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Sociology & Psychology

Your chance to understand how human behaviour interacts with culture and society

Welcome to the University of Portsmouth School of Sociology with Psychology.  Students studying Sociology with Psychology at Portsmouth develop a deep understanding of human behaviour and how this interacts with culture and society.

Sociology, Psychology and Climate Change

One of the biggest challenges facing human societies is how to tackle climate change. The main driver behind climate change is human consumption whether that be our eating habits, choice of transportation and lifestyle choices.

In this activity you’ll step into the shoes of a Sociologist and Psychologist to learn about how our consumption behaviour impacts the planet, and what our key social motivations are that influence our consumption.

You’ll consider the following questions:

  • How much waste our current lifestyle produces?
  • How this waste impacts our environment?
  • What motivates our consumption behaviours?

How much waste does our current lifestyle create?

Every day as we go about our daily lives we consume and use resources whether that is throwing away food, throwing away packaging and cardboard from our latest online purchase or using cars/buses/tubes to make our daily commutes to school and college. How much waste does all this activity and consumption really make?

What impact does our consumption and waste have on the environment?

That’s a lot of food  to waste each year. All of the food we waste adds greenhouse gases to our atmosphere through its production, transportation and cooking processes. In addition to greenhouse gases and their impact on global temperatures, there is also the issue of how long it takes all of this waste to biodegrade. 
See if you can guess how long average household items which we throw away take to degrade.

What motivates our consumption behaviours?

Most of us produce a lot of waste and that waste impacts our planet in lots of different ways from producing greenhouse gases, increasing plastic in our oceans or leaving disposable items to decompose for hundreds if not thousands of years.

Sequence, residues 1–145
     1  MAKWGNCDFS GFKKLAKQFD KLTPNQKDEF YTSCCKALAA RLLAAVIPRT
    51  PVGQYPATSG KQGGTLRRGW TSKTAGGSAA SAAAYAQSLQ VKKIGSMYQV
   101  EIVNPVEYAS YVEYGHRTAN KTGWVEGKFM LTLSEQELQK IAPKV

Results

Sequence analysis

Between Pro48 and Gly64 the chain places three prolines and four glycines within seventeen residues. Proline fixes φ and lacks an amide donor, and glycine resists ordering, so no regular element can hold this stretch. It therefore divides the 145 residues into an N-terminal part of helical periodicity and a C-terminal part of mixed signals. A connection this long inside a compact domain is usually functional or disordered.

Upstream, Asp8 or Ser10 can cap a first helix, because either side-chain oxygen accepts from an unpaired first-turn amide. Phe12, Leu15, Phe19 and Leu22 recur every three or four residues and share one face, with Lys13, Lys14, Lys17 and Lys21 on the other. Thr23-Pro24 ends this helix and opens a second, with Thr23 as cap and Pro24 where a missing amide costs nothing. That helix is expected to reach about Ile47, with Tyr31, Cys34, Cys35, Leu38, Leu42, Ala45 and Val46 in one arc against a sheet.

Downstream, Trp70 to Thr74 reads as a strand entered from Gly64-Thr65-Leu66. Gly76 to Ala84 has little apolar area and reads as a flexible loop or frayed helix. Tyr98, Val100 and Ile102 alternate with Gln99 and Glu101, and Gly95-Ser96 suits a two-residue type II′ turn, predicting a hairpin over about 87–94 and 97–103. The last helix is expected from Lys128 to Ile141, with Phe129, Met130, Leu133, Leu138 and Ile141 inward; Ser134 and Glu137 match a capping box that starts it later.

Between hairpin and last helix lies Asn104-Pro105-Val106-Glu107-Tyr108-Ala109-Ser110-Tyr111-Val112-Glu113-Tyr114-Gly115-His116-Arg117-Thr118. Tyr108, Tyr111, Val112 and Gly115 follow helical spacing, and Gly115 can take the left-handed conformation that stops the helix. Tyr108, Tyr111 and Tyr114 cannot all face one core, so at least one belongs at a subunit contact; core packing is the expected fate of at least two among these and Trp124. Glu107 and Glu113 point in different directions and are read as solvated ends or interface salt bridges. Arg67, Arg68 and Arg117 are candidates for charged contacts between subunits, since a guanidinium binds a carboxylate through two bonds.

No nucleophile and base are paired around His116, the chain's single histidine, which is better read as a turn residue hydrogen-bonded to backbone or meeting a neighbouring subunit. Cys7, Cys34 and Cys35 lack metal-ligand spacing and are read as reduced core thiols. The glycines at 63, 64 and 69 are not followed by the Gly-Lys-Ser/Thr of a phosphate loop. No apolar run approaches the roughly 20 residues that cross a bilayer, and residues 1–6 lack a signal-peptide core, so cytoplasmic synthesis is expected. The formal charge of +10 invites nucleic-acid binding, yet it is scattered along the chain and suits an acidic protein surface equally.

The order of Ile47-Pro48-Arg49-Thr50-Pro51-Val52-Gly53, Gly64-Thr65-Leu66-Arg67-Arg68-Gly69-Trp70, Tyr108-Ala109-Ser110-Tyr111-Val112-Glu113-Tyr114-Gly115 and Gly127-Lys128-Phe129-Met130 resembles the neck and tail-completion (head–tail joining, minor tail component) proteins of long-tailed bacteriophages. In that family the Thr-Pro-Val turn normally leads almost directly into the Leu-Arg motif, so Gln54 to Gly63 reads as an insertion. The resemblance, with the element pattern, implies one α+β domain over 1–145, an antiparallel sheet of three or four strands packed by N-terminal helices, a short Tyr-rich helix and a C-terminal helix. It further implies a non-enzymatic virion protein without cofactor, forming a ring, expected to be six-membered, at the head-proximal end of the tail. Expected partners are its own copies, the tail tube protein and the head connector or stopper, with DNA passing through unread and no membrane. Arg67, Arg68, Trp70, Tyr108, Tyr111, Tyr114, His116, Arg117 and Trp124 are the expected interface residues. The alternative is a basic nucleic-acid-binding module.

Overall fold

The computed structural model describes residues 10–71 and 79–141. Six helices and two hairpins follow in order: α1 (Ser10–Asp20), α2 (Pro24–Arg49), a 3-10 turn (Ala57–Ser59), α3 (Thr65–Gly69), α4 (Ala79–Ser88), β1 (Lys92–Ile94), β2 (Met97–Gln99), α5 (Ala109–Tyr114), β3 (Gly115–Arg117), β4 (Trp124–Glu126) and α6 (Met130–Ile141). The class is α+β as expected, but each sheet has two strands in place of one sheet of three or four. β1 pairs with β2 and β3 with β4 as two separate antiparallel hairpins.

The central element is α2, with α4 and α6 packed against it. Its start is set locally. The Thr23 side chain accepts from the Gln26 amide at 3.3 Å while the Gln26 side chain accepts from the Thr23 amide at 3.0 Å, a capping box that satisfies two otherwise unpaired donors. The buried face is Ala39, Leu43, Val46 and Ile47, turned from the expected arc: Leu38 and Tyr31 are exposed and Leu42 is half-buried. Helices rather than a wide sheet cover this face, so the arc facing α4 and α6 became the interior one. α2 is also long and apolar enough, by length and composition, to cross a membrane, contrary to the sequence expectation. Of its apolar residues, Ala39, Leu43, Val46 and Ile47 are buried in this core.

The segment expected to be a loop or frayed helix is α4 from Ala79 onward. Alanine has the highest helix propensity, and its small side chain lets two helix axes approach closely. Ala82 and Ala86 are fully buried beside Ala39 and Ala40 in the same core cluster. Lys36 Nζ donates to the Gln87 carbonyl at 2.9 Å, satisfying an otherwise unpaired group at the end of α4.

But what drives us to consume and be so wasteful? This is a question sociologists are interested in and have spent decades learning about. 

Some might argue we buy lots of new clothes, shoes, mobiles, laptops because consuming makes us happy. Yet research shows that the effect of buying new goods on our happiness is fleeting and no doubt for many replaced with sadness when we look at our bank accounts! So why else do we do it?

To answer that it might be worth reflecting on why you buy products?

The Sciency-bit

Most people will have answered Yes to at least one of the questions which highlights how as humans, we are influenced by social pressures to consume. At university, Sociology and Psychology students are expected to research topics like this and present their findings in essays or presentations, a bit like you do at school. One of the questions that students might look to answer is, Where does the social pressure to consume come from? Keep reading to learn just a little more about why we consume goods in the way that we do, and the impact this has on our planet.

Social Capital

According to Pierre Bourdieu (1984), our family and educational experiences help to shape our taste for a wide range of goods, from food to clothing. Our consumption takes on new importance when we realise that our dress, choice in car, or lifestyle consumptions (like a new gym membership) reinforce, and reproduce, our class status

Competitive Consumption

Juliet Schor (1999) takes a slightly different perspective arguing that we all engage in competitive consumption which is where we attempt to keep up with the norms of the social group we identify with. For example, your school mates get a new smart phone and now you want the latest model too. Whilst Schor argues that in the past we used those around as our reference group (horizontal emulation) nowadays, we use rich and wealthy members of our society as our reference groups (vertical emulation) leading to increased consumption. For example, have you or anyone you know ever followed an influencer on Instagram and then wanted something they had?

What does this mean for our planet?

Whilst we continue to engage in over-consumption through social processes and other structural forces, we are warming up our planet, reducing biodiversity and increasing the plastics in the oceans to name just a few of the negative environmental consequences.

Find out more about how Sociology and Psychology links to Climate Change:

Find out about related courses